Most Authentic NEW 1911


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The_Armed_Therapist
October 31, 2011, 08:22 PM
I was just wondering which 1911s on the market are the closest to the original design. I'm not in a position right now to purchase one, but would love to eventually. When I do, it won't be a carry gun. I want it to be as accurate to the original as possible. For example, I've heard that Taurus and Para Ordnance don't make them "the way that it was designed." I don't really know what that means, but anyways...

Which are the most accurate among those currently in production?

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J2FLAN
October 31, 2011, 08:28 PM
??? Colt

mike.h
October 31, 2011, 08:36 PM
I'm guessing you haven't looked at the GI 45 made by Springfield Armory?

http://springfield-armory.com/armory.php?version=1

rellascout
October 31, 2011, 08:41 PM
For a NIB production gun the Colt Tier III 100 year Anniversary gun is the best currently being made. Will cost you $1500

http://i651.photobucket.com/albums/uu240/twoasales/Gunbroker/DSC06061.jpg

The money is not option choice is the C&S 100 year pistol. This one will cost you $5000. http://www.cylinder-slide.com/reproduction.shtml

http://www.cylinder-slide.com/1911repro/jpg2.jpg

ugaarguy
October 31, 2011, 08:47 PM
Wait on Colt to do another run of WWI, WWI, or 1918 reproduction 1911s. Those were some of the few real USGI 1911 clones sold recently. In current production (as in mass production) the Colt Series 70 Reissue is as close as you'll get - http://www.coltsmfg.com/Catalog/ColtPistols/ColtSeries70.aspx.

rellascout
October 31, 2011, 08:49 PM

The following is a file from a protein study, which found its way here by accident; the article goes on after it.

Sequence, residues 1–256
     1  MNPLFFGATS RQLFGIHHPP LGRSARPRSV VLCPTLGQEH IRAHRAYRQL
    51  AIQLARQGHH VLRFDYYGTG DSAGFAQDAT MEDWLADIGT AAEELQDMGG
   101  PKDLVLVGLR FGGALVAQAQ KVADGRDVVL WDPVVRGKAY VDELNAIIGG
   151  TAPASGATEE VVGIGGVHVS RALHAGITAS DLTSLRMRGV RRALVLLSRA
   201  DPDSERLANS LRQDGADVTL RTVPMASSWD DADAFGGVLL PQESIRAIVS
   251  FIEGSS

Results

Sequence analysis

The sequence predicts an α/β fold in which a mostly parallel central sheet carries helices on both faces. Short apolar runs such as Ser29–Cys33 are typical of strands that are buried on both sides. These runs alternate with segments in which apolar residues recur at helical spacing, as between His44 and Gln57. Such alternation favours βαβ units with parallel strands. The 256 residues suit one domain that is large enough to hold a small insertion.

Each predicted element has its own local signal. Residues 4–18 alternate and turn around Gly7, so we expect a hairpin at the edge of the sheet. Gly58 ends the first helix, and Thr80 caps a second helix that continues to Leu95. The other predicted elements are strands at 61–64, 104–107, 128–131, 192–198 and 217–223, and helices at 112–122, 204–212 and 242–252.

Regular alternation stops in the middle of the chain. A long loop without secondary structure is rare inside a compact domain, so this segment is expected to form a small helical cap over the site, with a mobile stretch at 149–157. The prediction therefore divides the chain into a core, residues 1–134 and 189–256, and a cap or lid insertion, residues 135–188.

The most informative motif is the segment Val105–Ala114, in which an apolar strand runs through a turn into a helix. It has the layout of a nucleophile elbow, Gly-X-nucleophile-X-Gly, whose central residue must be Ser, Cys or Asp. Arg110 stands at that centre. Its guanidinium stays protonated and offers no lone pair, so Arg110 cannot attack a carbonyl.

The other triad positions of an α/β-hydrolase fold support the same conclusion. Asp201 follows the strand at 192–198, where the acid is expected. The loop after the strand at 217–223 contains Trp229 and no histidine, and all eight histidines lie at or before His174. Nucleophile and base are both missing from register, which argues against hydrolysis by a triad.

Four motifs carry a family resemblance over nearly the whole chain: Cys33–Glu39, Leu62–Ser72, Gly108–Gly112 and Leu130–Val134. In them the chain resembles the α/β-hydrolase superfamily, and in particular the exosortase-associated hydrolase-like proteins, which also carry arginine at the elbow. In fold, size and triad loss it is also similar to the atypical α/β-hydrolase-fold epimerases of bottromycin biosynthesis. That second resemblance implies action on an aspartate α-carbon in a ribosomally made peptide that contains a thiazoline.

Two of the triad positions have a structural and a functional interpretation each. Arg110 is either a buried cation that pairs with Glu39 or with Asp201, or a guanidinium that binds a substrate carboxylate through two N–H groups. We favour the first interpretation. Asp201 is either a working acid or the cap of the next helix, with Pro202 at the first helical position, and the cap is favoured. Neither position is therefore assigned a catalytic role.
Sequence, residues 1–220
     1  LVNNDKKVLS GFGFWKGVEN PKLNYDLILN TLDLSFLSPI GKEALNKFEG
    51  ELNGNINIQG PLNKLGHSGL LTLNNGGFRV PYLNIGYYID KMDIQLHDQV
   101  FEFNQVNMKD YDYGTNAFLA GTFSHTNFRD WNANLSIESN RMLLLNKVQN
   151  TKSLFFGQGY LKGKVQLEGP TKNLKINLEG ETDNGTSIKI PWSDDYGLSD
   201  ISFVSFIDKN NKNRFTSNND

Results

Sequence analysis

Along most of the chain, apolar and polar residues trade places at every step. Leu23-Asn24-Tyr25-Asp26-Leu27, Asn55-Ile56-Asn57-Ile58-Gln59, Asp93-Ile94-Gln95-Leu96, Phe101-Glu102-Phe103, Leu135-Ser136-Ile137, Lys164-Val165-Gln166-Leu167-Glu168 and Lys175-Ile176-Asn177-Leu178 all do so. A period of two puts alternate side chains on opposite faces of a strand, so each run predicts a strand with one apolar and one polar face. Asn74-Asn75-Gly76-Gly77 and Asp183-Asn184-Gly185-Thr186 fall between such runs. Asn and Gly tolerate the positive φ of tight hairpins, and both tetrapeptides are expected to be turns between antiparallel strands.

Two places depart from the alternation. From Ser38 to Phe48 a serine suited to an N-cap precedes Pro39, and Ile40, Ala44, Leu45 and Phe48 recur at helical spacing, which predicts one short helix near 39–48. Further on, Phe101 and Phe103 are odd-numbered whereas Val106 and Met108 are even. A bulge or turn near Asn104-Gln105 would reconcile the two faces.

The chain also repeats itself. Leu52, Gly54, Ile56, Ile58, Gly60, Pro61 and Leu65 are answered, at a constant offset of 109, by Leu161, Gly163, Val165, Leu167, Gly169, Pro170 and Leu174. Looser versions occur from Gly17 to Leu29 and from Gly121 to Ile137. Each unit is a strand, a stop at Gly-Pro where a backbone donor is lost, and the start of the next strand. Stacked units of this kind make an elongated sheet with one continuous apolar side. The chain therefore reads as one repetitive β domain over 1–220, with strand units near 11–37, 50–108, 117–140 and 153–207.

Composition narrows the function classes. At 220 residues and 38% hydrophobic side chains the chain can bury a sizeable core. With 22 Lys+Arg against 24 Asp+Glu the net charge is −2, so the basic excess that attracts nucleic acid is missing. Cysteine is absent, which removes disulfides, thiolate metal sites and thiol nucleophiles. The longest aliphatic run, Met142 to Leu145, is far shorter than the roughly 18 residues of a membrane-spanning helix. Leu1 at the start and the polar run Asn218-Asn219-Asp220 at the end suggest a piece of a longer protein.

Wait on Colt to do another run of WWI, WWI, or 1918 reproduction 1911s

Not going to happen. Both went over their 4000 count run they are not making more. The Tier III anniversary is the closest you will get

Mr.Blue
October 31, 2011, 09:18 PM
Every 1911 fan needs at least one Colt.

KAS1981
October 31, 2011, 09:29 PM
In regards to the Springfield, it's still not quite there. The arched mainspring housing & short trigger were not on the original design. Same goes for the finger relief scallops behind the trigger on the frame.

The mostest original replica is the Colt that rellascout posted.

Mr.Blue
October 31, 2011, 09:42 PM
Springfield 1911's are not even built in America, with most parts made in Brazil. That's a non-starter for me when it comes to 1911's.

ugaarguy
October 31, 2011, 09:45 PM
Not going to happen. Both went over their 4000 count run they are not making more. The Tier III anniversary is the closest you will get

Maybe not exactly the same, but something similar will come out eventually. Maybe another TALO commisioned USGI repro from Colt will happen. Right now you're right on the tier 3 anniversary.

SonOfRoost
October 31, 2011, 09:49 PM
Rock Island Armory is dead on with the original design, but I don't trust the original without pretty extensive modifications, which is what I've been doing to my RIA for the past year.

ugaarguy
October 31, 2011, 09:59 PM
SOR, exactly what modifications does a 1911 need for you to trust it? Also the RIA is pretty close, but it's not dead on for a USGI 1911.

KAS1981
October 31, 2011, 10:58 PM
Rock Island Armory is dead on with the original design, but I don't trust the original without pretty extensive modifications, which is what I've been doing to my RIA for the past year.
Nope.....close, but no cigar.

If we're going to split hairs, the RIA still isn't dead on the money. Take a good hard look at a RIA GI model, and compare it closely with the Colt repro pictured in this thread.

http://dev.rockislandarmory.com/images/1911_gi.jpg

HisSoldier
October 31, 2011, 11:26 PM
To me being accurate to the original also means,,,,drum roll,,,,Materials!

To find a 1911 that is made using the same processes and materials, now that is a real problem, is that Colt straight up that way? I really don't know, it would really make me feel good to think that anyone, for any price, is making one the way they should be. No MIM, no plastics, no cast, personally I wouldn't care about CNC, that just means the same methods done to perfection part after part, but a true purist might.